Amphioxus, plural amphioxi, or amphioxuses, also called lancelet, any of certain
members of the invertebrate subphylum Cephalochordata of the phylum Chordata.
Amphioxi are small marine animals found widely in the coastal waters of the warmer
parts of the world and less commonly in temperate waters. Both morphological and
molecular evidence show them to be close relatives of the vertebrates. Amphioxi are
seldom more than 8 cm (3 inches) long and resemble small, slender fishes without eyes
or definite heads. They are grouped in two genera—Branchiostoma (also
called Amphioxus) and Epigonichthyes (also called Asymmetron)—with about two dozen
species. The chordate features—the notochord (or stiffening rod), gill slits, and dorsal
nerve cord—appear in the larvae and persist into adulthood.
Amphioxi spend much of their time buried in gravel or mud on the ocean bottom,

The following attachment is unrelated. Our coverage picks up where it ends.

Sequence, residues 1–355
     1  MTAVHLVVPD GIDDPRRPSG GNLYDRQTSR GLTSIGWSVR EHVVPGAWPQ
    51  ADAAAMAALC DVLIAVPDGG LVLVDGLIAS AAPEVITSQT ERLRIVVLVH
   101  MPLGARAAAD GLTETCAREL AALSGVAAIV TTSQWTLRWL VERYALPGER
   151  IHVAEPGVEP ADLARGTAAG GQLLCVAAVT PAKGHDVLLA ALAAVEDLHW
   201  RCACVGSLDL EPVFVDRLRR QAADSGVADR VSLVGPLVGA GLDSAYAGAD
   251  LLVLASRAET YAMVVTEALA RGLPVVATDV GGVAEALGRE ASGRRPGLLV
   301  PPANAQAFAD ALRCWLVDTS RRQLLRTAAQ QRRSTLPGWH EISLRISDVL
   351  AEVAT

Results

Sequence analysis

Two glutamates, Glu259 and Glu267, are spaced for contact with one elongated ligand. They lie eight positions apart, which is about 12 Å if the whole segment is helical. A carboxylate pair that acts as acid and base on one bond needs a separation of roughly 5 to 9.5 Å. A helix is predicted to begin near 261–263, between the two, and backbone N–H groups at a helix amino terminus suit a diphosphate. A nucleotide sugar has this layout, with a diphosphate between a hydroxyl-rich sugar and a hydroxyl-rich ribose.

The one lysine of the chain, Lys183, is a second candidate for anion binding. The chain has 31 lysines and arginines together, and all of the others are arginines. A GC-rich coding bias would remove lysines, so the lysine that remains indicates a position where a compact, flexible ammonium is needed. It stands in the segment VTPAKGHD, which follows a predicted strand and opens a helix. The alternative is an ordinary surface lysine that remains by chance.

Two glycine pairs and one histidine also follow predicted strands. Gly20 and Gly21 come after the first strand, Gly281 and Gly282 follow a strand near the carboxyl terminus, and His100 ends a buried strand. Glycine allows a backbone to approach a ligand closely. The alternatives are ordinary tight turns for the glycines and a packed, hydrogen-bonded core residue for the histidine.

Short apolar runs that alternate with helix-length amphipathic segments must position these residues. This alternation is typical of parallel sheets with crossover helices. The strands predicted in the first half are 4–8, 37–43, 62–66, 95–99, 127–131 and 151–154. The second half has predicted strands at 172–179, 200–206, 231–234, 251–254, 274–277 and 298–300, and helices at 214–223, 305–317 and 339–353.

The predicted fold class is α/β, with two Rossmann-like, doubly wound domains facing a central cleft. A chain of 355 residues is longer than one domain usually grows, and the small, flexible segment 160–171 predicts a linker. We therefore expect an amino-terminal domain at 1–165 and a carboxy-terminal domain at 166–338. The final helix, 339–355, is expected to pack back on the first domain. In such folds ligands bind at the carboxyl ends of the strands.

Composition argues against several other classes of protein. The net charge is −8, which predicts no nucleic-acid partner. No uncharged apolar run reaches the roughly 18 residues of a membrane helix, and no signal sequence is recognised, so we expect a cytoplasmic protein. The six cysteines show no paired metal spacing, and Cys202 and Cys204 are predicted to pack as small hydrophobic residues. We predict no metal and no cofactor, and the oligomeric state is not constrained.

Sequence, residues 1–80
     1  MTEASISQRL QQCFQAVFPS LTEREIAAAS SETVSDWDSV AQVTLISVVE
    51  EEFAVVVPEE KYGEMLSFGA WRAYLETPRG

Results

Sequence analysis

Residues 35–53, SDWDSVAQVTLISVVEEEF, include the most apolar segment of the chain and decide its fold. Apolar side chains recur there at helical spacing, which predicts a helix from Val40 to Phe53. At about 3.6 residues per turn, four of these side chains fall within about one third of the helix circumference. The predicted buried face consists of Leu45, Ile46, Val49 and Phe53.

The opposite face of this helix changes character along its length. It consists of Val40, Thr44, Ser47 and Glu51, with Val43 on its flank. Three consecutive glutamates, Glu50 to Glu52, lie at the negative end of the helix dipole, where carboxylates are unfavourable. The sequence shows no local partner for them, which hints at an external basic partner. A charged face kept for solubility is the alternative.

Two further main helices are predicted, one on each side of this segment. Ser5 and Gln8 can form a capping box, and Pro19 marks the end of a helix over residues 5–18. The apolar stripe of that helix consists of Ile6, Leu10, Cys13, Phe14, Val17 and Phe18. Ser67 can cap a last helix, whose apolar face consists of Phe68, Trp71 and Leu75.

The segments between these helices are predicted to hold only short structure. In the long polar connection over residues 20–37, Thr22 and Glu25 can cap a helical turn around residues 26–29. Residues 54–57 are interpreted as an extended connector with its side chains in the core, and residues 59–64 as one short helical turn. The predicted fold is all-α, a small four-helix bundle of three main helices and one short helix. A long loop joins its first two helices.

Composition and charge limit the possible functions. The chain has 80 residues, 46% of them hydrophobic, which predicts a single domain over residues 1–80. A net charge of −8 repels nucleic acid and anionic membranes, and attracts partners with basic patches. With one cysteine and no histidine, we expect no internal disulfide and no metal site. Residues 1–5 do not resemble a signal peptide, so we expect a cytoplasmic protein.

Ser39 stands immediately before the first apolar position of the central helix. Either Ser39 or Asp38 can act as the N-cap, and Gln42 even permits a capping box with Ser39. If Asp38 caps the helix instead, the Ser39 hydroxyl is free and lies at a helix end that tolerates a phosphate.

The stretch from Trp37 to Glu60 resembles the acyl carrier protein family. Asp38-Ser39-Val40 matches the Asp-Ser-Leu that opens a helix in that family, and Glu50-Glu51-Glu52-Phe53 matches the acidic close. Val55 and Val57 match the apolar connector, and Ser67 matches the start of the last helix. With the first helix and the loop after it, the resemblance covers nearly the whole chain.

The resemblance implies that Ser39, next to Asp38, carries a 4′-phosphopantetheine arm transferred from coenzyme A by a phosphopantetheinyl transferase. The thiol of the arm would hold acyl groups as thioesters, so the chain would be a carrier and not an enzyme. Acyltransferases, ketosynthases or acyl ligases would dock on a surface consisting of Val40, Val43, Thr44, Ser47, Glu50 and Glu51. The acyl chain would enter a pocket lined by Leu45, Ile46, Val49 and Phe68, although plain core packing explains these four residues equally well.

although they are able to swim. When feeding, they let the anterior part of the body
project from the surface of the gravel so that they can filter food particles from water
passing through their gill slits. At night they often swim near the bottom. They burrow
into sand using rapid movements of the body, which is tapered at both ends and is
covered by a sheath (the cuticle).
The animals swim by contracting the muscle blocks, or myotomes, that run from end to
end on each side of the body. The blocks on each side are staggered, producing a
side-to-side movement of the body when swimming. Amphioxi are not buoyant, and they
sink quickly when they stop swimming. A dorsal fin runs along the entire back, becomes
a caudal fin around the tip of the tail, and then continues as a ventral fin; there are no
The notochord runs through the body from tip to tip, providing a central support. A slight
bulge distinguishes the anterior end of the nerve cord. Although there is no brain or
cranium, growing evidence suggests that the vertebrate brain evolved from a portion of
the nerve cord in a lancetlike ancestor. Blood flows forward along the ventral side and
backward along the dorsal side, but there is no distinct heart.